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They Fight For Each Other—Jean Simmons & Stewart Granger

While her towering, lusty, free-talking husband was hard at work with Elizabeth Taylor making Beau Brummelin London, Jean Simmons was out on the town. With Frank Sinatra and her agent, the dashing Bert Allenberg, the bewitching, brown-eyed little actress dropped in at the Coconut Grove to hear Lena Horne.

Jean Simmons loves nightclubs and Stewart Granger hates them. So while he was in England, Jean was indulging herself—and enjoying herself.

The very next day Hollywood was trying mightily to blow the Sinatra-Simmons item into an incipient romance. Ava had called it quits with Frankie and flown to Rome, and Granger was in England. Otherwise, Sinatra and Simmons do not seem to have much in common.

Hollywood seers have always insisted that the Stewart Grangers’ marriage simply cannot last.

Is it because Granger is seventeen years older than his wife?

Is it because he does the cooking and all the planning?

Is it because he is over-protective and masterminds his wife’s career?

Is it because two careers in one family rarely mix?

Is it because he is an intellectual and Jean is a talented child? Is it because eventually Jean Simmons will revolt against a marital setup in which she is treated as an innocent child who requires strong supervision?

Undoubtedly all these and many more reasons are the basis for the prediction of a short marriage.

Right now Jean Simmons and Stewart Granger are more in love than ever and they are fighting for each other with such verve and loyalty that it looks as though the prophets of marital dissension have made another error.

Stewart Granger has been reformed. When he first came to Hollywood a few years ago, he was known as “Snarling Stewart,” the most unpopular actor in motion pictures. He fought with practically every director assigned to his films. He seemed to have appointed himself the leading authority on matters cinematic. He refused to see London visitors. He frightened newsmen away from his young wife. In no time at all, he succeeded in making himself as popular as a leper.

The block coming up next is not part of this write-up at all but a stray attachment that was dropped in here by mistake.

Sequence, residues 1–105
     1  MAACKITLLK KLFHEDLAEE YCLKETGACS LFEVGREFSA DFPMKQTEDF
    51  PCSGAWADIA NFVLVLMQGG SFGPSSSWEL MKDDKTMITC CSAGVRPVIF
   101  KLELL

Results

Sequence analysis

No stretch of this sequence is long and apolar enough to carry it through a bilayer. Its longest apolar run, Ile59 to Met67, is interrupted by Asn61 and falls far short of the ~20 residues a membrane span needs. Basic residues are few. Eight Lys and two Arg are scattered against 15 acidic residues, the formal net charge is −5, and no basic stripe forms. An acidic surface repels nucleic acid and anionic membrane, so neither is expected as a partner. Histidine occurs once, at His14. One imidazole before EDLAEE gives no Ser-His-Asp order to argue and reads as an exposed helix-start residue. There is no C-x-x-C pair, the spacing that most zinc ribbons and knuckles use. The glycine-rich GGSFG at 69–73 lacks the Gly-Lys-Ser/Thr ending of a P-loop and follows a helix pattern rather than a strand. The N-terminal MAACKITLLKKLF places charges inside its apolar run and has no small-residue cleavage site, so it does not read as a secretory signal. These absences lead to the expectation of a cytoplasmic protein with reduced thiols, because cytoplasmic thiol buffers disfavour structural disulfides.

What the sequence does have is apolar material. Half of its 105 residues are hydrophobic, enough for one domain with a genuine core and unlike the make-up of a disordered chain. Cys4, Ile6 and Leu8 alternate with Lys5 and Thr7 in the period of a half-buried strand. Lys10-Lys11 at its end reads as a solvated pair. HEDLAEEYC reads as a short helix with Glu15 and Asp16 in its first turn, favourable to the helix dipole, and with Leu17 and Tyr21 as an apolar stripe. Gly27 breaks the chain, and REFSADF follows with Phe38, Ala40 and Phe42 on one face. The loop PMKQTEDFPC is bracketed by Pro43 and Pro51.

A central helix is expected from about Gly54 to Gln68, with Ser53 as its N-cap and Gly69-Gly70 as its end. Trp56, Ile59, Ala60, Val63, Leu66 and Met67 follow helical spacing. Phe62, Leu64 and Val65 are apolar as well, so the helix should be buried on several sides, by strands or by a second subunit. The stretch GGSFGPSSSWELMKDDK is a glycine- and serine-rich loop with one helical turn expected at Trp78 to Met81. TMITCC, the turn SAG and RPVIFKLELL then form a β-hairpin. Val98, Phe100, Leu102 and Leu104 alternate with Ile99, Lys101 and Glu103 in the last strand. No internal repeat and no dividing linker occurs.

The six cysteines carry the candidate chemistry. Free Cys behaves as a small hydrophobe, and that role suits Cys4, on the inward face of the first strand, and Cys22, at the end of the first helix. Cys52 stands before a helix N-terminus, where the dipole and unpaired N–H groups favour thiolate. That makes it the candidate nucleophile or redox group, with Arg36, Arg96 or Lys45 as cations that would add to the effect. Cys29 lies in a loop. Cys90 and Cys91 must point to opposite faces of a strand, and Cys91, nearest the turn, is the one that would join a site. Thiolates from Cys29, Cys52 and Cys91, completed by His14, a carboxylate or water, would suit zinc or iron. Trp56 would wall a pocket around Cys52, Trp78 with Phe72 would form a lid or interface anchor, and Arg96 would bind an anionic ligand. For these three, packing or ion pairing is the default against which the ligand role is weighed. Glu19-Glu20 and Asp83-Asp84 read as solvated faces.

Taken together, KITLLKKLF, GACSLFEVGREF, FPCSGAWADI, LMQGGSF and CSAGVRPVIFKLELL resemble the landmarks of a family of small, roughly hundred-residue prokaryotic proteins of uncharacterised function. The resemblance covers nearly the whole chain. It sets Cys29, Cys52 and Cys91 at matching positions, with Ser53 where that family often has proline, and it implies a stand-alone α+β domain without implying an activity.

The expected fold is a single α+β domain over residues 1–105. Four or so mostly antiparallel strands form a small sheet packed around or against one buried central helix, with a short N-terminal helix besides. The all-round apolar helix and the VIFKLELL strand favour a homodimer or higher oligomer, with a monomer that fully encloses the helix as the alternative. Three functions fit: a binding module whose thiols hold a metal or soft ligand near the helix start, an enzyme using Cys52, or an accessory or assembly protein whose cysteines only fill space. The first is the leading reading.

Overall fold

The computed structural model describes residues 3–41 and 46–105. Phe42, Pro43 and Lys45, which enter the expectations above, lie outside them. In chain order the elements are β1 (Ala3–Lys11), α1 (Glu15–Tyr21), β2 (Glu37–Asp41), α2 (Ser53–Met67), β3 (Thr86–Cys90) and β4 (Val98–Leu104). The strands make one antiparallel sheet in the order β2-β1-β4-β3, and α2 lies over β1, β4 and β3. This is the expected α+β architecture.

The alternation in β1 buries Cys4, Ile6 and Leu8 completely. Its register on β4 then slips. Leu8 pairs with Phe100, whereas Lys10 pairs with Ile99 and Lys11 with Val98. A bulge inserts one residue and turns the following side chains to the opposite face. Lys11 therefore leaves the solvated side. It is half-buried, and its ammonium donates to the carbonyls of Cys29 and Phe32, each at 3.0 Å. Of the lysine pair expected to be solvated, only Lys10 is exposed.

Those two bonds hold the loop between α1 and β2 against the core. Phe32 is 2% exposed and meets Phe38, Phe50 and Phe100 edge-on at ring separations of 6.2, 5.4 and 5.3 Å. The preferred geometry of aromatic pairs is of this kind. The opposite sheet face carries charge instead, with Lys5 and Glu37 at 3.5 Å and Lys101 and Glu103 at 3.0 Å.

He spoke of hunting trips in Africa, of buffalo, of his adventures with Michael Wilding of Her Majesty’s Regent Street Rifles, and he sought to prove that he was more Hemingway than Ernest himself.

It wasn’t long before Hollywood newsmen were giving Mr. Granger a wide berth. They believed that Granger was an uncooperative blow-hard. True, they appreciated his protests. “I’m sorry. My wife and just can’t be demonstrative in public laces. I simply can’t move myself to keep kissing her in a restaurant so that photographers might have visible proof of our affection.”

Yet if a man is a motion picture star, warning his livelihood from his public following, that public is hungry for knowledge of his private life. Surely such a star night drop some crumbs of information.

Not Stewart Granger. Perhaps the drop a Granger’s popularity with movie-goers was the result of his staunch defense of his privacy. One month he was ranked number one on Modern Screen’s popularity doll. Sixty days later he was down to seventy-seven.

Granger receives the same salary from MGM whether he is ranked one or forty. He is not the sort of man who will compromise with principle, but the fact retains that his general attitude was reacted in the press. It may have cost him thousands of admirers.

His youthful, girlish, incredibly talented Jean sometimes gives the superficial impression of being a flighty, irresponsible, absent-minded wife. But Jean Simmons is a sensitive, perceptive girl. Loving her husband and knowing him better than anyone else, she has tried to tell people about him as he really is and not as the press sees him. She is the best press agent Stewart Granger could have. Certainly, she is helping to make friends of his former enemies.

Like everyone else who knew Granger, when his name was James Stewart, she refers to him as Jimmy.

“Jimmy is really a shy man. Now, I know,” she’ll say, “that sounds strange. But he really is.

“When he is afraid of something or merely nervous about it, he hides his nervousness by going to the offense. He attacks with gusto. He argues furiously.

“Some people resent this behavior, but only because they don’t understand what motivates it. It is purely defensive.

“I’ve heard that Jimmy is rude. I have honestly never heard him or seen him in any rude behavior unless someone provokes him. He does retaliate in kind. After all, he is a man who believes in speaking his mind. But he is not the sort who will ever go out of his way to start a fight.

“They say he doesn’t particularly like people. He does, but here again he’s shy about making friends. One must not forget that our backgrounds are British, not American. When Jimmy makes a friend he keeps him forever. Michael Wilding is an example. They’ve known each other for twenty years. He was best man at our wedding.

“As for these stories about our quarrels, Jimmy and I have our tiffs. I’ll scuff his hair and he’ll nip my neck, but ours is a wonderful marriage. And Jimmy is really a fascinating man. But you do not get to know him easily, and you can’t pass judgment on him fairly until you do know him.”

This sort of exposition has persuaded Hollywood to take another look at Stewart Granger.

At first he seemed to be too high-handed in his treatment of his wife. In America wives are treated as equals. In Europe they are not.